Alexei Kolesnikov

Offering undergraduate students many opportunities to engage in meaningful research experiences is an important part of my teaching. Here are some of the undergraduate research projects I directed at Towson.

AGAT student activity group

AGAT stands for "Algebraic Geometry and Approximation Theory". This project, generously supported by the Fisher College of Science and Mathematics, offers students of all levels an opportunity to work on open-ended problems that are of current interest to mathematicians. The students working on the project gave a number of presentations at student conferences (at least 10 and counting); it is likely that some of the work will result in papers.

A factorial power version of Fermat's equation

Matthew Green worked on a version of the famous equation \(x^n+ y^n=z^n\), where the usual power \(n\) is replaced by factorial power: \(x^\underline{n}:= x(x-1)(x-2)\cdots (x-n+1)\). After completely describing integer solutions for the factorial power 2, Matt found that there are also infinitely many non-trivial solutions for the factorial power 3 and that the set of factorial powers for which there exist non-trivial solutions is unbounded. Matt gave talks at two student conferences about this project and he published the results in Rose-Hulman Undergraduate Mathematics Journal. He is now a graduate student in mathematics at the University of South Florida.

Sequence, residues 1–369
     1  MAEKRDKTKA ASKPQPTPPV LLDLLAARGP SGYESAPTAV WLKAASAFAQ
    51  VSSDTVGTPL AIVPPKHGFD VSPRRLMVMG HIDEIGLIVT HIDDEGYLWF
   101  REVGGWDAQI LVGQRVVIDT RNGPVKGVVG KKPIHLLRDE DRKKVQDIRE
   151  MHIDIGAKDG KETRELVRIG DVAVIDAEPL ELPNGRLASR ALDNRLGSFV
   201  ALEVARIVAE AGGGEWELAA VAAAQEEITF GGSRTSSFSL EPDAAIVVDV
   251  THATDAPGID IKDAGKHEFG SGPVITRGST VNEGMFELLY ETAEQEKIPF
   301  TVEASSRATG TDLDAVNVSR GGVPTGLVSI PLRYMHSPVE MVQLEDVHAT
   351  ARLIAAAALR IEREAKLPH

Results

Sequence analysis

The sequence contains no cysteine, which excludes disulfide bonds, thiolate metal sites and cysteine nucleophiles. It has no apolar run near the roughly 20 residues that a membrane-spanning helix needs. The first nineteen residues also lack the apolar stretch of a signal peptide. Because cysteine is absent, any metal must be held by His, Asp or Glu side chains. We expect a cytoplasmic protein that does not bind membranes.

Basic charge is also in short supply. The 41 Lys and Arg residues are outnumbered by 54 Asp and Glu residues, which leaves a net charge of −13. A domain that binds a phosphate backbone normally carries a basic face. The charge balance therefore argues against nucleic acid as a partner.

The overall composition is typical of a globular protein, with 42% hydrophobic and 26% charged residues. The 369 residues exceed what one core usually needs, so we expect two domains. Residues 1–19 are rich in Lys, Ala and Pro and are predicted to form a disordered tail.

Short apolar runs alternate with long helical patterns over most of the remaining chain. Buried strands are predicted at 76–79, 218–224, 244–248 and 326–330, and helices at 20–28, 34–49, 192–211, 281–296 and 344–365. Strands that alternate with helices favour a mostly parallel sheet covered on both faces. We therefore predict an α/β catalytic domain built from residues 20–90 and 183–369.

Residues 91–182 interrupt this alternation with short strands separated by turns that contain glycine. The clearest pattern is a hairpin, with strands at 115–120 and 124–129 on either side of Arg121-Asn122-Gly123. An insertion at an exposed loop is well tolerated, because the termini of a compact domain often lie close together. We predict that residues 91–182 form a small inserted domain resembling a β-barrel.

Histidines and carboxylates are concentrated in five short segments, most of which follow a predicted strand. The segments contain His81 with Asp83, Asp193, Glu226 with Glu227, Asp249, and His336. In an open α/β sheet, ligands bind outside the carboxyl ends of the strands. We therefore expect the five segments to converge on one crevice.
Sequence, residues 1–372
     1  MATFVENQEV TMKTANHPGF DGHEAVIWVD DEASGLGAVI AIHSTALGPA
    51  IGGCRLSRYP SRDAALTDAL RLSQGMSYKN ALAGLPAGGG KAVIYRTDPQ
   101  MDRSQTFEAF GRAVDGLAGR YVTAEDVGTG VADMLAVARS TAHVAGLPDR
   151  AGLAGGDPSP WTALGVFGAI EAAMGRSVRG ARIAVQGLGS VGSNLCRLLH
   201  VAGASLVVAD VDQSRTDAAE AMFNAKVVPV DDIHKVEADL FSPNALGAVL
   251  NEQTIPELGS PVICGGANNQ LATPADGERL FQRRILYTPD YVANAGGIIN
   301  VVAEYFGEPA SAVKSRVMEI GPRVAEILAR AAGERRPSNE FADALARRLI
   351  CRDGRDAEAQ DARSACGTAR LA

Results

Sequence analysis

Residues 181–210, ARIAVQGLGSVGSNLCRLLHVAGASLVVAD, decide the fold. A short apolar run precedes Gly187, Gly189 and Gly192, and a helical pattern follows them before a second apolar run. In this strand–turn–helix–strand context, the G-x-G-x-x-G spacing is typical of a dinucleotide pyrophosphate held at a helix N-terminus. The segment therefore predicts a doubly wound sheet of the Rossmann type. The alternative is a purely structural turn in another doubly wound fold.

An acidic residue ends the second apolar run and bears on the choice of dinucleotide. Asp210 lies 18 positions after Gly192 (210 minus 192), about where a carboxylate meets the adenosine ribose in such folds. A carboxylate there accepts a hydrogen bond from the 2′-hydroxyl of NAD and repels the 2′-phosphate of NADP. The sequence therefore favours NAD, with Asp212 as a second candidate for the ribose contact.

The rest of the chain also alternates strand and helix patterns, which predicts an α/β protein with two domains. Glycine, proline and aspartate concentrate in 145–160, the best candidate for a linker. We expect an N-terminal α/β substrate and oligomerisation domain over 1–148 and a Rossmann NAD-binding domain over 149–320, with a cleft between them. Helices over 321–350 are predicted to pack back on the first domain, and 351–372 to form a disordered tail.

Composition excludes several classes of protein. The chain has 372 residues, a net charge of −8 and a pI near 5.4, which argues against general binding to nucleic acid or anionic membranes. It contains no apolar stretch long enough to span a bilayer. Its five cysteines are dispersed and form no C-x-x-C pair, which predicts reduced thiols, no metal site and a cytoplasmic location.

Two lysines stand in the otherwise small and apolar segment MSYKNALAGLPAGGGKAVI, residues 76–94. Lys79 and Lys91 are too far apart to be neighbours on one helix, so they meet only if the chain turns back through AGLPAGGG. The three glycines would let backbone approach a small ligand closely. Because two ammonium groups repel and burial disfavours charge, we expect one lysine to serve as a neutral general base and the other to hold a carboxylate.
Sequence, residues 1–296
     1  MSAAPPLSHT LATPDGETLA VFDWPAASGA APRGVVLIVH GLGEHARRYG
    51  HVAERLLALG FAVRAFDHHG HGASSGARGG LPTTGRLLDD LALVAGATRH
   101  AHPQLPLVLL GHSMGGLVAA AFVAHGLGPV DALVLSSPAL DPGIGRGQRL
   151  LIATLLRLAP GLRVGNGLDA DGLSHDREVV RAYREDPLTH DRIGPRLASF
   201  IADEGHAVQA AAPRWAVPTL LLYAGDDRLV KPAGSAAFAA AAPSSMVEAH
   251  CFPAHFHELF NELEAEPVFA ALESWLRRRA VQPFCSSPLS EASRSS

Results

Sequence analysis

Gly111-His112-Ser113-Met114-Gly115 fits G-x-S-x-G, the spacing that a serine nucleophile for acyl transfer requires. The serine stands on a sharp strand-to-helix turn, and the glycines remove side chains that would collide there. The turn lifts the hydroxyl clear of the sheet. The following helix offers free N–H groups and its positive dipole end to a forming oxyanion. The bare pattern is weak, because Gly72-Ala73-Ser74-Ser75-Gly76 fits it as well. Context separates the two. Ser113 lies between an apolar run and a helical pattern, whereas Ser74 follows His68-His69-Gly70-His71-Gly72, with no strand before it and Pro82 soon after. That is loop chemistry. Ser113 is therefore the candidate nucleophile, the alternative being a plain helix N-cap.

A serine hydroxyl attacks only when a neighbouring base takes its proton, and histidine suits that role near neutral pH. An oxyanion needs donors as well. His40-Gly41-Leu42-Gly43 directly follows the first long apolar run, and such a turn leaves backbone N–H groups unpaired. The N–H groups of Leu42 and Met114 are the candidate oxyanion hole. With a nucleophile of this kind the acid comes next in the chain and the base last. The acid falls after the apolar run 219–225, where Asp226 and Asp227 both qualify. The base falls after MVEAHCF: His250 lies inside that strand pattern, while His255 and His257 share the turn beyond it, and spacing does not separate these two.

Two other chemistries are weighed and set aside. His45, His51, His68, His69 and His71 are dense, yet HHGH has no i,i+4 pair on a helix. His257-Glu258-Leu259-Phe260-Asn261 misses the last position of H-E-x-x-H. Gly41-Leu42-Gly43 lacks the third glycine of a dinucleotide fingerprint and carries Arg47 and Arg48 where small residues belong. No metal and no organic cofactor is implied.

Transportation Security project

The project was sponsored by the Chemical Security Analysis Center. The students' goal was to design a mathematical model to assess and manage the risk to the population involved in transporting toxic chemicals. The student team adapted a minimum cost network flow model with randomized cost coefficients. The results have been presented by the students in talks at professional meetings in addition to formal presentations to the sponsors of the project. The study was published in the Journal of Transportation Security.

Senior Seminar

Two of my students in this capstone course for mathematics majors at Towson elected to do a research project (typically, the students are asked to do an exposition of an existing result). One project addressed the question of which rational numbers can be written as the sum of squares of two rational numbers; the other was dealing with reflections in curved mirrors (the mathematics behind anamorphic art). The results of both projects were presented at an Undergraduate Mathematics Research Conference at Towson.

One of the students, Kimberly Rausch, continued the project on mathematics of anamorphic art. She was also one of 12 students representing Towson at the 2012 CAA Undergraduate Research Conference. Her paper was accepted (via peer-review process) for Bridges Conference; she gave a talk at that conference in July 2012.